Foam rolling your feet can be a very relaxing experience - akin to a deep tissue foot massage and it can be done sitting, standing or even lying down. (14)
- Sit up straight in your chair and place both feet comfortably on top of the vibrating foam roller.
- Gently apply pressure with your feet.
- When you find a trigger point, hold for 20 seconds.
- You can roll your feet back and forth and find other trigger points to hold.
- Stand tall and place the vibrating foam roller under one foot.
- Flex your foot and apply pressure.
- When you find a trigger point, hold for 20 seconds.
- You can roll your foot back and forth gently from heel to toe with your foot still flexed.
- Lie flat on your back and bend your knees upwards.
- Place the vibrating foam roller under both feet, keeping your legs bent.
- Apply pressure with your feet.
- When you find a trigger point, hold for 20 seconds.
- You can roll your feet back and forth to find other trigger points.
Is Foam Rolling Relaxing?
Foam rolling is a massage technique involving self-myofascial release. It can be used to increase range of motion, improve blood flow, release muscle knots and loosen tight muscles, which can help to relax the body.
For How Long Should You Foam Roll?
We recommend limiting foam rolling to 30 to 90 seconds per muscle group, with 10 seconds of stretching in between each roll.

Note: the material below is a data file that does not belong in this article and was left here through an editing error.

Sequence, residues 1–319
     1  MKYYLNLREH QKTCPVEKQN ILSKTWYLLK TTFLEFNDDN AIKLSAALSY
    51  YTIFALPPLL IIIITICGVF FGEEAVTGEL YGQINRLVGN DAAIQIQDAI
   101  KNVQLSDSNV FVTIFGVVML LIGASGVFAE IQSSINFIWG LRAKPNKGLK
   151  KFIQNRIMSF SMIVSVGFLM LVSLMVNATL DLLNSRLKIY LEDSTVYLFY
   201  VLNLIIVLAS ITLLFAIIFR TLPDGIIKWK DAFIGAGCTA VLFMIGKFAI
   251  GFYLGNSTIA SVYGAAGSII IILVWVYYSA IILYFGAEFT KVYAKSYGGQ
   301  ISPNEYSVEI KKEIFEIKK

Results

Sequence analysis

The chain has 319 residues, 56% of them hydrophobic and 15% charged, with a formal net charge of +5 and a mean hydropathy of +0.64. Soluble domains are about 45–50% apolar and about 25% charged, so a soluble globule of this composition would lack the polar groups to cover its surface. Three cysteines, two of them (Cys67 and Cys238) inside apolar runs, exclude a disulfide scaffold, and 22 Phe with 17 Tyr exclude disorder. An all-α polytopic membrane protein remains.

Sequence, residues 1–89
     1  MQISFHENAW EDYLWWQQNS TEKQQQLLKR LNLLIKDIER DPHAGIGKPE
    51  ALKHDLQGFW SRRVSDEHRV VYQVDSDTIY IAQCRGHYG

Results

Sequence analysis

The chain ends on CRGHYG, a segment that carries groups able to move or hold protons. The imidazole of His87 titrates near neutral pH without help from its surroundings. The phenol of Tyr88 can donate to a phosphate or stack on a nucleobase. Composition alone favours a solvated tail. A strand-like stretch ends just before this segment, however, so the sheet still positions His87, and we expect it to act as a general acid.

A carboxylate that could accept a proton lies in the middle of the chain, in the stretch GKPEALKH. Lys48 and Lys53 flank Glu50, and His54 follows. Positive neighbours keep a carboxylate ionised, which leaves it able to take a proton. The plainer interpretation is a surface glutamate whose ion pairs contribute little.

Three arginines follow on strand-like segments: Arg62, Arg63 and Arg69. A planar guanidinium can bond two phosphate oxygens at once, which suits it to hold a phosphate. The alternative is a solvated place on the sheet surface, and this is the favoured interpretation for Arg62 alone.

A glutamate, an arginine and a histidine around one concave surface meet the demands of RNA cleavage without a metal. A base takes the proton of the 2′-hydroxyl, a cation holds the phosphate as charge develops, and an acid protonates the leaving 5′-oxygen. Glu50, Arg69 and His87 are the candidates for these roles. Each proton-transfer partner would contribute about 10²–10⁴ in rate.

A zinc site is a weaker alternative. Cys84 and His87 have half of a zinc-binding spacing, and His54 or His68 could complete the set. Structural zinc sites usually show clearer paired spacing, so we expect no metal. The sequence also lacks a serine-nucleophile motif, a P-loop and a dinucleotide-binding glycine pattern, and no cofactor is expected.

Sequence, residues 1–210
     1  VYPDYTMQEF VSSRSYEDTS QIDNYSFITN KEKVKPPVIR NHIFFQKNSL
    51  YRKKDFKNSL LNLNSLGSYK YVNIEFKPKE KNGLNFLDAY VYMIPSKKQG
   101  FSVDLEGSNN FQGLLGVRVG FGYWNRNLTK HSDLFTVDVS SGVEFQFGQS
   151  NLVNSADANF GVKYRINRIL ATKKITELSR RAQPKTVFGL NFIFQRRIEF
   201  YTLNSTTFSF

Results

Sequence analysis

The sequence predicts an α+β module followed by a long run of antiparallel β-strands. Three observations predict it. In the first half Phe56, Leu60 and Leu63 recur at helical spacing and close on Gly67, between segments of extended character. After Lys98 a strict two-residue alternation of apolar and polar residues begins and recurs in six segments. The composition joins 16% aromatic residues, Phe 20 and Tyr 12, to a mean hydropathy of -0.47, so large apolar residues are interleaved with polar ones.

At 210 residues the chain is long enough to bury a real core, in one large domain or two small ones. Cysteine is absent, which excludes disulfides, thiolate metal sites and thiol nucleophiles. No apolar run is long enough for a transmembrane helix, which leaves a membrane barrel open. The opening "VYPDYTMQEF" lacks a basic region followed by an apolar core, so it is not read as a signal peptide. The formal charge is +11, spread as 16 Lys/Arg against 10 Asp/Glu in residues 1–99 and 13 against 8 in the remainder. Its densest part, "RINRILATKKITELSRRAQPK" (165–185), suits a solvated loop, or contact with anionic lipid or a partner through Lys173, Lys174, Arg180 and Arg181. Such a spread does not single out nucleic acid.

Should You Foam Roll Every Day?
You should only need to use a foam roller once per day for each targeted muscle group. If you’re taking it easy, you can focus on different muscle groups each day.
Hopefully, you’ve managed to relax and recover over the festive season and you’re feeling ready to tackle the new year. Using a foam roller is not only beneficial for recovery and relaxation, it can also help to prevent injury.
Foam rolling loosens tight muscles, increases blood flow, helps to flush out lactic acid, and to improve flexibility and range of motion. If you want to continue reaping the benefits of foam rolling, there are plenty more guides on our blog, beyond the 12 days of exercises we’ve taken you through in this article.
Related article: Best Full Body Foam Roller Exercises
- Lundberg, U., Dohns, I., Melin, B., Sandsjö, L., Palmerud, G., & Kadefors, R. et al. (1999). Psychophysiological stress responses, muscle tension, and neck and shoulder pain among supermarket cashiers. Journal Of Occupational Health Psychology, 4(3), 245-255. doi: 10.1037/1076-89188.8.131.52
- Rodríguez-Fuentes I, De Toro FJ, Rodríguez-Fuentes G, de Oliveira IM, Meijide-Failde R, Fuentes-Boquete IM. Myofascial release therapy in the treatment of occupational mechanical neck pain: a randomized parallel group study. Am J Phys Med Rehabil. 2016;95(7):507–15. [PubMed]